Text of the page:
From Roger Herman
I was just in contact with Norm Whitbeck within the past couple of hours. Unfortunately, he had bad news. Ric Coady passed away last night in Pensacola at a hospice facility. Ric had been suffering from a melanoma related cancer for some time. I have just now gotten off the phone with his wife, Sandra, and expressed our condolences as best I could for all of us who knew him. Sandra can be contacted at the following E-Mail addresses... email@example.com or firstname.lastname@example.org. Memorial services will be held on Monday, February 6th @ 10 a.m. at the NAS Pensacola Aviation Chapel (on Mainside) and will be followed by burial at Barrancas Cemetery. For those who live in the local area, I am sure that Sandra would welcome any assistance that you might be able to offer. If someone there would like to take the lead and get an appropriate wreath for the services, I know that the rest of us would appreciate it, and will gladly chip in for the expenses.
The last time I personally talked with Ric a little over a month ago, it was apparent that he had gotten much weaker recently. For those who knew Ric or ever had the pleasure to fly with him, you know that we have lost a great friend, an outstanding Marine and superb aviator. He was probably the best '34 driver the Corps has ever seen. He was awarded three Distinguished Flying Crosses and was a true hero in every sense of the word. There is nothing he wouldn't do to help anyone in distress. He was one of a kind.
On a personal note, after "Wimpy" Wimmler and I crashed into a treeline on an emergency night medevac south of DaNang, we were extremely glad that Ric was our wingman that night. Upon evacuating the wreckage and gathering up our crew, we found ourselves up to our chins in elephant grass with tracers flying in all directions. There was no way to tell the good guys from the VC. As we set up a defensive position, Ric flew in without hesitation through all the incoming fire and picked us and the medevacs up. Over max gross, he was able to get the '34 airborne and pull off one of his beautiful right rudder kick takeoffs. He got just enough extra turns out of the main rotors to get us all out safely. I have no doubt that he saved our lives that night. I am confident that a number of you on this mailing list can recall similar events involving Ric and may very well owe your lives to him as well. I know that we will all miss him greatly. As a 22 year old second lieutenant, I always looked up to him (as did all of the other Lt's in the squadron) as the type of officer and aviator we all aspired to be. Ric was a fairly senior Captain at the time and was on his second tour in the spring of '67 with HMM-361. Men like Ric Coady do not come our way very often. We are all better for having known him. Semper Fi, Ric. We'll meet again.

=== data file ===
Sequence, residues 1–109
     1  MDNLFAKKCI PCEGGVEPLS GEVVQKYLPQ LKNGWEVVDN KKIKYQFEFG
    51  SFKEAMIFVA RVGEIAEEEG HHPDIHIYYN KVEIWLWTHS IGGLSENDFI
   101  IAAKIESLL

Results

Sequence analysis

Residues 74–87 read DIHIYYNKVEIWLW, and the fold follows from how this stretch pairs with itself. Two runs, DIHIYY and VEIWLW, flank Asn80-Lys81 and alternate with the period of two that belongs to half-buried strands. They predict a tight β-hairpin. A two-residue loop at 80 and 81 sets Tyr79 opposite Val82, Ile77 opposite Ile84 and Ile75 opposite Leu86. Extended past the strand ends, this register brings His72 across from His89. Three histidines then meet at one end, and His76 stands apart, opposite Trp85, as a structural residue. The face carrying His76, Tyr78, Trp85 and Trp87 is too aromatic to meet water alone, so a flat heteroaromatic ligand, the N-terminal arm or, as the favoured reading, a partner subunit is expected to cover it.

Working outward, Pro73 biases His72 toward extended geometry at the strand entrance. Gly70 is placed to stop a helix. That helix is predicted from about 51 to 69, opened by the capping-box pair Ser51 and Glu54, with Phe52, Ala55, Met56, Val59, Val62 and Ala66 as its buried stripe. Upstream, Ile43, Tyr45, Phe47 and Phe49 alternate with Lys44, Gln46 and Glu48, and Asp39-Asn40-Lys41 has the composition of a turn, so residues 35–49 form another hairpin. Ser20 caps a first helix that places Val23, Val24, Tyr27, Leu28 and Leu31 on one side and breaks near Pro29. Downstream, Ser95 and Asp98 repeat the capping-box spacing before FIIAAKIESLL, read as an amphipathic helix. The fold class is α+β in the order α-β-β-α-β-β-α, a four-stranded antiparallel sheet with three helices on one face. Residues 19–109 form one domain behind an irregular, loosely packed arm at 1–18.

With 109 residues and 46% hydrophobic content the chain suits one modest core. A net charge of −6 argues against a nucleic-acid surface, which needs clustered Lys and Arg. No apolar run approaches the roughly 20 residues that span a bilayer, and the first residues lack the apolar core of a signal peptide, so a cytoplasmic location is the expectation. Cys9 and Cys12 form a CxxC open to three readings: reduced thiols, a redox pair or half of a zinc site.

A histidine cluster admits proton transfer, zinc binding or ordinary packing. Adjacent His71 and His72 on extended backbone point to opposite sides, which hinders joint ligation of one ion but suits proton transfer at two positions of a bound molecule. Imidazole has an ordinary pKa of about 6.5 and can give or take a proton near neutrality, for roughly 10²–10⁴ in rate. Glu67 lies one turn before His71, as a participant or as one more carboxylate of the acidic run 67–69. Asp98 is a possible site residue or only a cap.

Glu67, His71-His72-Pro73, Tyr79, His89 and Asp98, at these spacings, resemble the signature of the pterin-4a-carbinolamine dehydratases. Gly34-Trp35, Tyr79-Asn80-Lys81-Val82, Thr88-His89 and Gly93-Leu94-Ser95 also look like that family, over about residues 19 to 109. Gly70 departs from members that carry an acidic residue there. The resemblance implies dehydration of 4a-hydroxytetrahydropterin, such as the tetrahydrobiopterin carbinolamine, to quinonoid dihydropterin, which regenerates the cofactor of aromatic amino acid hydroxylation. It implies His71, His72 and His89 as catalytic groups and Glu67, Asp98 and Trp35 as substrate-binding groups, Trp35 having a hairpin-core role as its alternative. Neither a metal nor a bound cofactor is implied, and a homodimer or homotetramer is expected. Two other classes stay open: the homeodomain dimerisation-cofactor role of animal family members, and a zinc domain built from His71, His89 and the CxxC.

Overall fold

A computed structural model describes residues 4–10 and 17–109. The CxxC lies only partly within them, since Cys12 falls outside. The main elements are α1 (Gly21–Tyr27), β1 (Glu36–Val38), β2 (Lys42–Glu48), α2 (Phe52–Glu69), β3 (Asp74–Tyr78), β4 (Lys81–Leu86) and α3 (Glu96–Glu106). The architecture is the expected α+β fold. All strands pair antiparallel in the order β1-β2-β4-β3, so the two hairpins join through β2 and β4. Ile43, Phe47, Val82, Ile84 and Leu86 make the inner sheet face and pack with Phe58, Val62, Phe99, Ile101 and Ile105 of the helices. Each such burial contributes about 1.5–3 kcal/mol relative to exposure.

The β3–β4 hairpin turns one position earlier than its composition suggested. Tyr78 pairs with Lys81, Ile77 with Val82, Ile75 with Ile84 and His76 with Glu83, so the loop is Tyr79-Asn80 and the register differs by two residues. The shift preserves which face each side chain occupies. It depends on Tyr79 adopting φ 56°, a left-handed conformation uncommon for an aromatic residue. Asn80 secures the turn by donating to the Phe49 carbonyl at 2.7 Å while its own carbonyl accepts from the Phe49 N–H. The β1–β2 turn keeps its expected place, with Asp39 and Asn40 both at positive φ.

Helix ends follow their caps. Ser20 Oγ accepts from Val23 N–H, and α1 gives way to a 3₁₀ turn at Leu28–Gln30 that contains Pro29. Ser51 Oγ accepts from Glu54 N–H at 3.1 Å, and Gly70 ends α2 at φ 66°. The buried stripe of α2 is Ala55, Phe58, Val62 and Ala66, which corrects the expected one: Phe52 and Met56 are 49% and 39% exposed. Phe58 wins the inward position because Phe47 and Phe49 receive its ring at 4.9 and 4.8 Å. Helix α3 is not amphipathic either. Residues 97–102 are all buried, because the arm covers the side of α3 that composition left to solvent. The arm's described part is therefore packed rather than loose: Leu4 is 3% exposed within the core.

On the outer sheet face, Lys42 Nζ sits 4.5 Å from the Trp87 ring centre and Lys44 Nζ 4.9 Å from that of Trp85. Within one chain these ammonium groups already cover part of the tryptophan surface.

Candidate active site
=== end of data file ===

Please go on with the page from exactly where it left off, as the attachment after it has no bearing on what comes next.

Note: I normally wouldn't display so many addresses in the "To" and "Cc" boxes for all to see, but I wanted you to be able to see who is receiving this message. I have included everyone that I have on my list of addressees who knew him, or knew of him, plus some others who I know would be interested in hearing about him. This way, you can see whose address I might not have, and you can forward the following info to them so that we can get the word out to as many of Ric's former squadron mates and friends as possible. Thanks.